Springfield Theatre

7039 Old Keene Mill Road,
Springfield, VA 22150

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Springfield Cinema, Springfield, VA

The 1974 Yellow Pages lists the theater at 7039 Old Keene Mill Road, Springfield, Va 22150 telephone number 451-7505.

Side by side twin. Part of the Neighborhood of Virginia chain.

A Circuit City (now closed) was built on the site of the theater.

Contributed by local619

Recent comments (view all 9 comments)

rlvjr on March 8, 2008 at 11:31 am

The SPRINGFIELD opened as a single screen theater with about 1,100 seats, a huge wide screen, and super-comfortable seats. It was outstanding. Later it was divided into twins, but was still a very good theater; preferable in my opinion to the Springfield Mall 10 which is also now closed.

Joe Vogel
Joe Vogel on December 24, 2008 at 10:26 pm

Except for its colonial brick facade decoration, this theater was virtually identical to the Annandale Theatre, also opened in 1964 by the same owner, according to an item in Boxoffice Magazine, July 13, 1964.

sconnell1 on March 23, 2009 at 4:55 pm

The Springfield opened on 11/1/68 with ROSEMARY’S BABY which had just ended a 17 week run at the Embassy in D.C. one week earlier.

AlanHerman on February 20, 2010 at 9:51 pm

This was called “Springfield Cinema” and was the best in the Springfield area. Knowing all of the local theaters as a projectionist and movie buff, I never understood why this had to close, except for the fact that Springfield became such a family community and the parents would rather give up quality for having a Mall theater after shopping. at this time, Springfield Mall was second only to Tyson and a big draw for families.
I remember seeing ‘Pee Wee’s Big Adventure" here, and as I was leaving, I had not noticed a prize when I came in, being a replica of Pee Wee’s bike. What that would be worth today! Dang!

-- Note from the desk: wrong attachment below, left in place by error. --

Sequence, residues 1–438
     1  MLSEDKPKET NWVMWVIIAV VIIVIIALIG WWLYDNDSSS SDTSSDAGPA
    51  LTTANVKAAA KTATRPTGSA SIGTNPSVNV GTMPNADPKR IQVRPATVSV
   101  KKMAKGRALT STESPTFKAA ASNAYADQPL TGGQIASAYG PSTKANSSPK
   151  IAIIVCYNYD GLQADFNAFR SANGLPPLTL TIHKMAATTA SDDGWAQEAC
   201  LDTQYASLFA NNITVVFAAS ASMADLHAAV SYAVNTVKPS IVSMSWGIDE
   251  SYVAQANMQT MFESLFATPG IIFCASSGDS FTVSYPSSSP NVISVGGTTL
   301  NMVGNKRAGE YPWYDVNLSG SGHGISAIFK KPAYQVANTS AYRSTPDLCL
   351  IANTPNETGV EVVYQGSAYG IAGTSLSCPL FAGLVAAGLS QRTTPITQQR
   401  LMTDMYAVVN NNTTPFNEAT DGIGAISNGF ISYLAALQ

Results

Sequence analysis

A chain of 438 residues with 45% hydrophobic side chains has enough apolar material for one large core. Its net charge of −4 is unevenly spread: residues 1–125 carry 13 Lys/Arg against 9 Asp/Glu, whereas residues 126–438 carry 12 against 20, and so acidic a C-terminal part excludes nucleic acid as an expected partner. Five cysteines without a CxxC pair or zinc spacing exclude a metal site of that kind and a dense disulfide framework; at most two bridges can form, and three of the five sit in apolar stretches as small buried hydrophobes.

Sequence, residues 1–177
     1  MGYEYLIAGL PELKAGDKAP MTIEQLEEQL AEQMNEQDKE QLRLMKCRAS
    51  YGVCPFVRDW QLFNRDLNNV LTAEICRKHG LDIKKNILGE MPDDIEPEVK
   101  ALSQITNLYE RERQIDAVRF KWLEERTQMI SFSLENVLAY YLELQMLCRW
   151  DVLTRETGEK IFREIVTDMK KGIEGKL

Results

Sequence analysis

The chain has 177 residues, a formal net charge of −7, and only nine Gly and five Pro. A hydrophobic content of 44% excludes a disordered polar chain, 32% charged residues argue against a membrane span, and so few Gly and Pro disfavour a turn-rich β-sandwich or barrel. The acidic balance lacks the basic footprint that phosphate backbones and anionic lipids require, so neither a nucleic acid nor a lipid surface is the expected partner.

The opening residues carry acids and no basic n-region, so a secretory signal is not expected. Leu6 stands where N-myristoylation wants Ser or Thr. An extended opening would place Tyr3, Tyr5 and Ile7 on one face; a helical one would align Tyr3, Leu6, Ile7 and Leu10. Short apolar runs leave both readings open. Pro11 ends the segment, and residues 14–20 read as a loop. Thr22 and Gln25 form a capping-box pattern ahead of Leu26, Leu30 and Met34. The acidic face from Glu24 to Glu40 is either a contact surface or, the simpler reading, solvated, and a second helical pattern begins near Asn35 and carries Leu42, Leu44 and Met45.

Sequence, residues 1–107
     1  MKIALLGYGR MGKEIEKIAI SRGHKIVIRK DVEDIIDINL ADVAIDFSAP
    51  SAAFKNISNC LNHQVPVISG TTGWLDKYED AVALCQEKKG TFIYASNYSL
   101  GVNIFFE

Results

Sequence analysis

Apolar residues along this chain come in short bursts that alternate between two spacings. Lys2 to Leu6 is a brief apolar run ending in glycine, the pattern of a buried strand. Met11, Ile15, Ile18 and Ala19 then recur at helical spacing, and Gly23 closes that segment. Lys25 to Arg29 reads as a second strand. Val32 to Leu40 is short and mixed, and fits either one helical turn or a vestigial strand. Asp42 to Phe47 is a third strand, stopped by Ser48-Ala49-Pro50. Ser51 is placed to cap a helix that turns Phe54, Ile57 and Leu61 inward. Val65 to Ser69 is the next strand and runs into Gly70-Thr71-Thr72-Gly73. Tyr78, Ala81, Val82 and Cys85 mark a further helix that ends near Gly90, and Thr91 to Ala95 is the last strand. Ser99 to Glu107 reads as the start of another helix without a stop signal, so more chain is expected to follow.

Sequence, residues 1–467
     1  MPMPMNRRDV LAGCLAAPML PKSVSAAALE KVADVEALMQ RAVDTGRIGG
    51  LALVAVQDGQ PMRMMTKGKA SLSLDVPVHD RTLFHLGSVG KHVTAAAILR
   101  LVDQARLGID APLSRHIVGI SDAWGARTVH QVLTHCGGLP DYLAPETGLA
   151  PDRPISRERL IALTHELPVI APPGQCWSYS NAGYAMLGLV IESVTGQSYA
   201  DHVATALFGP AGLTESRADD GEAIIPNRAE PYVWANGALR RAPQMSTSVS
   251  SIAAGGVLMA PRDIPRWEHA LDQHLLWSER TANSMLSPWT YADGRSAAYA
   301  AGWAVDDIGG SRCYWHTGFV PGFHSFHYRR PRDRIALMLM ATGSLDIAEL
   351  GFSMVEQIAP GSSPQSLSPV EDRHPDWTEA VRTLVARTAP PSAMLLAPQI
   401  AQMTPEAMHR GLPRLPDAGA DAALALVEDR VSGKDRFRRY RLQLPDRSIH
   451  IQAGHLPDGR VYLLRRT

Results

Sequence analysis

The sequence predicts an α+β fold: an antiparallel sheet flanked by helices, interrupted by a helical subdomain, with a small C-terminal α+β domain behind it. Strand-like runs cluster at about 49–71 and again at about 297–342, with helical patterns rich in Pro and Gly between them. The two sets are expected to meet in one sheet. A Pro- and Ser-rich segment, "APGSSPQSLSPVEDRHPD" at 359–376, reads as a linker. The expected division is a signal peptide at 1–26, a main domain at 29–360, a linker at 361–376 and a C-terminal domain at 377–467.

As far as when this opened, I would KNOW that the previous comment about it opening in 1964 is totally false, this was a creation of the early 1970’s and not before ( I realize they may have been referring to when the Annandale theater was built, but wanted to clarify)

Local619 on August 4, 2010 at 4:02 pm

View link
Following is text from the above link..
Fairfax County to Demolish Former Circuit City Building to Prepare for Future Park and Ride Lot

June 28, 2010
Starting Tuesday, July 6, Fairfax County will begin work on the future Old Keene Mill Road Park and Ride lot in Springfield with the demolition of the former Circuit City building, located at 7039 Old Keene Mill Road

future Old Keene Mill Road Park and Ride lot in Springfield with the demolition of the former Circuit City building, located at 7039 Old Keene Mill Road, near Springfield Boulevard in Springfield.

dave on August 29, 2011 at 10:39 pm

Ushered here back in ‘84…..used to call this “Rocking Chair” because it had big padded rocking-back seats. Ran Evil Dead and Rocky Horror as midnight movies…..

slockeco on January 8, 2012 at 2:34 pm

Worked at Annandale, and would visit Springfield twin alot – loved the rocking chairs. Both run by NTI (Neighborhood theatres).

gdaroger on September 18, 2013 at 11:22 am

Neighborhood Theatres Inc. of Virginia built the “rocking chair” theatre new in 1968. They were a small low overhead (almost no overhead) company and that was a lot of money. (State, Arlington, Annandale, and six other small theatres.) The cinema was always positive cash flow, but I’m not sure it always covered the mortgage. Whatever, Circuit City had a huge growth plan and access to capital when they bought it. I’m sure their offer looked good to NTI. Circuit City kept much of the building during remodel, including a large sign right on Old Keene Mill Road.

Soundman176 on October 12, 2017 at 7:35 pm

The Springfield Cinema was one of three Northern Virginia locations whose property was owned outright by Neighborhood Theatres rather than being leased. The State and Annandale were the other two. Neighborhood Theatres was purchased by Cineplex Odeon in 1986 but the Thalhimer family, owners of NTI retained the property. The lease agreement allowed Cineplex Odeon to operate these locations for two years with a two year option. Also in the agreement was a clause that only Cineplex Odeon could operate the locations as movie theatres. Hence, the Sprinfield and Annandale properties were demolished and the State (building protected by Falls Church City historical designation) became a highly regarded music venue. And now you know, the rest of the story!

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